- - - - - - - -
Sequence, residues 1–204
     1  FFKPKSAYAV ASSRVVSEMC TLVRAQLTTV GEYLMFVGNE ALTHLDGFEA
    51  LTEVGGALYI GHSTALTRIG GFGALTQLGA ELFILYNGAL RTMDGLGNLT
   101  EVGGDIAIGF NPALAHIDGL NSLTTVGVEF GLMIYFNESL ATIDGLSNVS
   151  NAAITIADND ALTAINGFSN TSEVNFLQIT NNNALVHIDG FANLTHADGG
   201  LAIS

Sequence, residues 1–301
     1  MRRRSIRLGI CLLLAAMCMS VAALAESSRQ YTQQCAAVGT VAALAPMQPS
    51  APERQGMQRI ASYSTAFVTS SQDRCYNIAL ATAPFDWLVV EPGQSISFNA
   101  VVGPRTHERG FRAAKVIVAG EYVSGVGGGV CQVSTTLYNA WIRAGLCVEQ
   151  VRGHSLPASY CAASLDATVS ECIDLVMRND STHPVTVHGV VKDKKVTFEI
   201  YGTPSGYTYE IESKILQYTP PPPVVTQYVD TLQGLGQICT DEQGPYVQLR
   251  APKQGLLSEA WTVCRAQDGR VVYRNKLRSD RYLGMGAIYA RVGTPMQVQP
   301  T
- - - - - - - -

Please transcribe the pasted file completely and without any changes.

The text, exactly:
Sequence, residues 1–204
     1  FFKPKSAYAV ASSRVVSEMC TLVRAQLTTV GEYLMFVGNE ALTHLDGFEA
    51  LTEVGGALYI GHSTALTRIG GFGALTQLGA ELFILYNGAL RTMDGLGNLT
   101  EVGGDIAIGF NPALAHIDGL NSLTTVGVEF GLMIYFNESL ATIDGLSNVS
   151  NAAITIADND ALTAINGFSN TSEVNFLQIT NNNALVHIDG FANLTHADGG
   201  LAIS

Sequence, residues 1–301
     1  MRRRSIRLGI CLLLAAMCMS VAALAESSRQ YTQQCAAVGT VAALAPMQPS
    51  APERQGMQRI ASYSTAFVTS SQDRCYNIAL ATAPFDWLVV EPGQSISFNA
   101  VVGPRTHERG FRAAKVIVAG EYVSGVGGGV CQVSTTLYNA WIRAGLCVEQ
   151  VRGHSLPASY CAASLDATVS ECIDLVMRND STHPVTVHGV VKDKKVTFEI
   201  YGTPSGYTYE IESKILQYTP PPPVVTQYVD TLQGLGQICT DEQGPYVQLR
   251  APKQGLLSEA WTVCRAQDGR VVYRNKLRSD RYLGMGAIYA RVGTPMQVQP
   301  T